Emma Watson Pussy
War And Peace
said Stepan Arkadyevitch, as conspicuously brilliant in the midst
of all the Petersburg brilliance as he was in Moscow, his face
rosy, and his whiskers sleek and glossy. "I came up yesterday,
and Im delighted that I shall see your triumph. When shall we
"Come tomorrow to the messroom," said Vronsky, and squeezing
him by the sleeve of his coat, with apologies, he moved away to
the center of the race course, where the horses were being led
for the great steeplechase.
The horses who had run in the last race were being led home,
steaming and exhausted, by the stable-boys, and one after another
the fresh horses for the coming race made their appearance, for
the most part English racers, wearing horsecloths, and looking
with their drawn-up bellies like strange, huge birds. On the
right was led in Frou-Frou, lean and beautiful, lifting up her
elastic, rather long pasterns, as though moved by springs. Not
far from her they were taking the rug off the lop-eared
Gladiator. The strong, exquisite, perfectly correct lines of the
stallion, with his superb hind-quarters and excessively short
pasterns almost over his hoofs, attracted Vronskys attention in
spite of himself. He would have gone up to his mare, but he was
again detained by an acquaintance.
"Oh, theres Karenin!" said the acquaintance with whom he was
chatting. "Hes looking for his wife, and shes in the middle of
the pavilion. Didnt you see her?"
"No," answered Vronsky, and without even glancing round towards
the pavilion where his friend was pointing out Madame Karenina,
he went up to his mare.
Vronsky had not had time to look at the saddle, about which he
had to give some direction, when the competitors were summoned to
the pavilion to receive their numbers and places in the row at
starting. Seventeen officers, looking serious and severe, many
with pale faces, met together in the pavilion and drew the
numbers. Vronsky drew the number seven. The cry was heard:
Feeling that with the others riding in the race, he was the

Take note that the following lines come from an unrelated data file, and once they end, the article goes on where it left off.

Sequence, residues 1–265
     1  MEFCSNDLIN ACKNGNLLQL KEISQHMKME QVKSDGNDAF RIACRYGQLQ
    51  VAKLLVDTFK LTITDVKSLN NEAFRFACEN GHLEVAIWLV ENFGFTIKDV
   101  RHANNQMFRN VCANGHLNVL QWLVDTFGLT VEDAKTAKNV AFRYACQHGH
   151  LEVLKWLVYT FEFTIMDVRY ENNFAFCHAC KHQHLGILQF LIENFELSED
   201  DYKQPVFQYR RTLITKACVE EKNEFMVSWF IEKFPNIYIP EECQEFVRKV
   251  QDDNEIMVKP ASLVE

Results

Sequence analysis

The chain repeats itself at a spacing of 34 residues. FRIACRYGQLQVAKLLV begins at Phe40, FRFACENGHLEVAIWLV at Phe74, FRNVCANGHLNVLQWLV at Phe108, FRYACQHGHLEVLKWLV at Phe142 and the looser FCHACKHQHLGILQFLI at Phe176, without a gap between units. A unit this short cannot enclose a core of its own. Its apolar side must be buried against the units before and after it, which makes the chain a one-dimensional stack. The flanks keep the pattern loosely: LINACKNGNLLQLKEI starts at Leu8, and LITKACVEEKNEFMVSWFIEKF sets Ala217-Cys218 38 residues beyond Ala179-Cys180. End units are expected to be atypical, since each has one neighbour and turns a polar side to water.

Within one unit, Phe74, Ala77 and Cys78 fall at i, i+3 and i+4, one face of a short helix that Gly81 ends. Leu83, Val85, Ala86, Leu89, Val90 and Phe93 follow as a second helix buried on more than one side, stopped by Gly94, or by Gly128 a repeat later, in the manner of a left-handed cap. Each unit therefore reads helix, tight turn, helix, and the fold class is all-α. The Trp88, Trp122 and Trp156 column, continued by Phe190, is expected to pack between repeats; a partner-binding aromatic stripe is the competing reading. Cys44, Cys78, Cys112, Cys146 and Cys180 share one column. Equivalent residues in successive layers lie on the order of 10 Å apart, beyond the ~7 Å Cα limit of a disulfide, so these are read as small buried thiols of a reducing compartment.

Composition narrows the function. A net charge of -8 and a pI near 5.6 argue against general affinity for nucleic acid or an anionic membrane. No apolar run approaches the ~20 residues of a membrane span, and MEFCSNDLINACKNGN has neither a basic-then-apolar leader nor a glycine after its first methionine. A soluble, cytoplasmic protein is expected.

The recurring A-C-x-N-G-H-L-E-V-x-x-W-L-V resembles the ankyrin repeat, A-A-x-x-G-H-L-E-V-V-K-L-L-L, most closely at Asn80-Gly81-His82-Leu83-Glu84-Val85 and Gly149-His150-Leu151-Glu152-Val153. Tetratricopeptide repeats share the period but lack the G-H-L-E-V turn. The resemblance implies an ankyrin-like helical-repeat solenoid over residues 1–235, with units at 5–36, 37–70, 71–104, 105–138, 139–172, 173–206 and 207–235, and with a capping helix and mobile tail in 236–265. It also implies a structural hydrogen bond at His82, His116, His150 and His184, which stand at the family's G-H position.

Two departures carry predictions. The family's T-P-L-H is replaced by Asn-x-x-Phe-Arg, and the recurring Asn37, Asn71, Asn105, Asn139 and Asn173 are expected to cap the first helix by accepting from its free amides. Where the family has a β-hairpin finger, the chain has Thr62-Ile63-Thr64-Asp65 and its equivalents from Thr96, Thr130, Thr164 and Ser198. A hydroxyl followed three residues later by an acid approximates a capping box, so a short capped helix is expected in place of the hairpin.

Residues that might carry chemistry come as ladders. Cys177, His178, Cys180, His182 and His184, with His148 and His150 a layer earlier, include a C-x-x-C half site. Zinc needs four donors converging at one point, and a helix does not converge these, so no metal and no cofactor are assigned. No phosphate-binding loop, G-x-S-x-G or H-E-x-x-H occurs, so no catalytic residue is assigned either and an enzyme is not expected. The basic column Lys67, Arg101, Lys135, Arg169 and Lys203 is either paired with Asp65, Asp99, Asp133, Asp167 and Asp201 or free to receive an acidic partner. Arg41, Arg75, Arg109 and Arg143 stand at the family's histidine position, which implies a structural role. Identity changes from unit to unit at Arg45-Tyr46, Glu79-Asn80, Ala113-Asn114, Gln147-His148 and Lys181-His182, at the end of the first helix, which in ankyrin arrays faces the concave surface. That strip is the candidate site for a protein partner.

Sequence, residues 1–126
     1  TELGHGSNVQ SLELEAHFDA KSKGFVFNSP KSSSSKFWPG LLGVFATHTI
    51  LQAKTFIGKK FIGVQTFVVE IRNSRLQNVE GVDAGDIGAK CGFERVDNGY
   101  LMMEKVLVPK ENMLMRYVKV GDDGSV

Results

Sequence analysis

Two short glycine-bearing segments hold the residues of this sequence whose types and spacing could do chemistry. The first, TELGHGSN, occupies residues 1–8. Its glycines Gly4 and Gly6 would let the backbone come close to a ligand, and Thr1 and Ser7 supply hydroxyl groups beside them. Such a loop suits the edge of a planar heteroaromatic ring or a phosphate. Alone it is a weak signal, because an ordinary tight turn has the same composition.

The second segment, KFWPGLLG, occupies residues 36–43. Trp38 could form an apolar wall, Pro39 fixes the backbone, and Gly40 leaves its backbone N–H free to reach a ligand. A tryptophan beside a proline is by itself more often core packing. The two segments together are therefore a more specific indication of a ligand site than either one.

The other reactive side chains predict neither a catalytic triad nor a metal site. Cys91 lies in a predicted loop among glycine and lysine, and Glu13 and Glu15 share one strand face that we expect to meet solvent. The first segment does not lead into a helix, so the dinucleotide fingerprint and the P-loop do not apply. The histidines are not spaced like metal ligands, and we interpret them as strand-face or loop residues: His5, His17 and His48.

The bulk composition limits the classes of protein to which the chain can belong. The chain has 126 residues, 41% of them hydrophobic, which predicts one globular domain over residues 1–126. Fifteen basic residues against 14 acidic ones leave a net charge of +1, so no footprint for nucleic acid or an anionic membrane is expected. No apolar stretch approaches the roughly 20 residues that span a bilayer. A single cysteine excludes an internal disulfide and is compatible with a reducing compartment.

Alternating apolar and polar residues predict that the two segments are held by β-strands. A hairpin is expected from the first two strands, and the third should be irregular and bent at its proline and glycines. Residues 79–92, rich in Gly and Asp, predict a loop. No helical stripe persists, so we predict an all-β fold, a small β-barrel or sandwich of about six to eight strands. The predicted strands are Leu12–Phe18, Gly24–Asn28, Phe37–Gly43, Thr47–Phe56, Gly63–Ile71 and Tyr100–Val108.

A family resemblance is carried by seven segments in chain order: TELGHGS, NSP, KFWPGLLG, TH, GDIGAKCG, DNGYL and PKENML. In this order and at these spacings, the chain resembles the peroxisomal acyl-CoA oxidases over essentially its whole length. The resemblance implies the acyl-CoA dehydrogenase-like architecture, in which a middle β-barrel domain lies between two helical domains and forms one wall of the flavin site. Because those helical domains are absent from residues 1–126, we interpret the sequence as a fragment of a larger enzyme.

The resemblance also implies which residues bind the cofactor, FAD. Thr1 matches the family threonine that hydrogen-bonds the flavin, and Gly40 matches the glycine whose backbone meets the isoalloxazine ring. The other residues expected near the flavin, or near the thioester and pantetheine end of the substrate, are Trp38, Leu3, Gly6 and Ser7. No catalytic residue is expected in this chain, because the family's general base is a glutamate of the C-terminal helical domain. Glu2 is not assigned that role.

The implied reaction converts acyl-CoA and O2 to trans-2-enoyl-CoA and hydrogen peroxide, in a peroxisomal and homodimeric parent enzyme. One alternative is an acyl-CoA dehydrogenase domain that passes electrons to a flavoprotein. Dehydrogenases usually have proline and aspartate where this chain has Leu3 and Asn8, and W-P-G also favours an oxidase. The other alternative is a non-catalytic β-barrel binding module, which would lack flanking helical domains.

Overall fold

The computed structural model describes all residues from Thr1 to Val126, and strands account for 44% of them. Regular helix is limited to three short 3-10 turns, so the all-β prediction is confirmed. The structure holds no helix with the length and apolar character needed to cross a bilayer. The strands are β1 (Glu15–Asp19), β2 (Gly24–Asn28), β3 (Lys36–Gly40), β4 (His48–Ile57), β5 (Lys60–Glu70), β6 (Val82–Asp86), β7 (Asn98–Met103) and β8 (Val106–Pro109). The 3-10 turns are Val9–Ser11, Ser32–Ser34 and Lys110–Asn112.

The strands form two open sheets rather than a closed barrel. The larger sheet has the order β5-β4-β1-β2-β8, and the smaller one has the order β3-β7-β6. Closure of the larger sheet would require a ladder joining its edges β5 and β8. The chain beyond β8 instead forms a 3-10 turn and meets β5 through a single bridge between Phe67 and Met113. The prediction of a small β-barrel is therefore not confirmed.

center upon which all eyes were fastened, Vronsky walked up to
his mare in that state of nervous tension in which he usually
became deliberate and composed in his movements. Cord, in honor
of the races, had put on his best clothes, a black coat buttoned
up, a stiffly starched collar, which propped up his cheeks, a
round black hat, and top boots. He was calm and dignified as
ever, and was with his own hands holding Frou-Frou by both reins,
standing straight in front of her. Frou-Frou was still trembling
as though in a fever. Her eye, full of fire, glanced sideways at
Vronsky. Vronsky slipped his finger under the saddle-girth. The
mare glanced aslant at him, drew up her lip, and twitched her
ear. The Englishman puckered up his lips, intending to indicate
a smile that anyone should verify his saddling.
"Get up; you wont feel so excited."
Vronsky looked round for the last time at his rivals. He knew
that he would not see them during the race. Two were already
riding forward to the point from which they were to start.
Galtsin, a friend of Vronskys and one of his more formidable
rivals, was moving round a bay horse that would not let him
mount. A little light hussar in tight riding breeches rode off
at a gallop, crouched up like a cat on the saddle, in imitation
of English jockeys. Prince Kuzovlev sat with a white face on his
thoroughbred mare from the Grabovsky stud, while an English groom
led her by the bridle. Vronsky and all his comrades knew
Kuzovlev and his peculiarity of "weak nerves" and terrible
vanity. They knew that he was afraid of everything, afraid of
riding a spirited horse. But now, just because it was terrible,
because people broke their necks, and there was a doctor standing
at each obstacle, and an ambulance with a cross on it, and a
sister of mercy, he had made up his mind to take part in the
race. Their eyes met, and Vronsky gave him a friendly and
encouraging nod. Only one he did not see, his chief rival,
Mahotin on Gladiator.
"Dont be in a hurry," said Cord to Vronsky, "and remember one
thing: dont hold her in at the fences, and dont urge her on;
let her go as she likes."
"All right, all right," said Vronsky, taking the reins.
Anna Karenina page 110 Anna Karenina page 112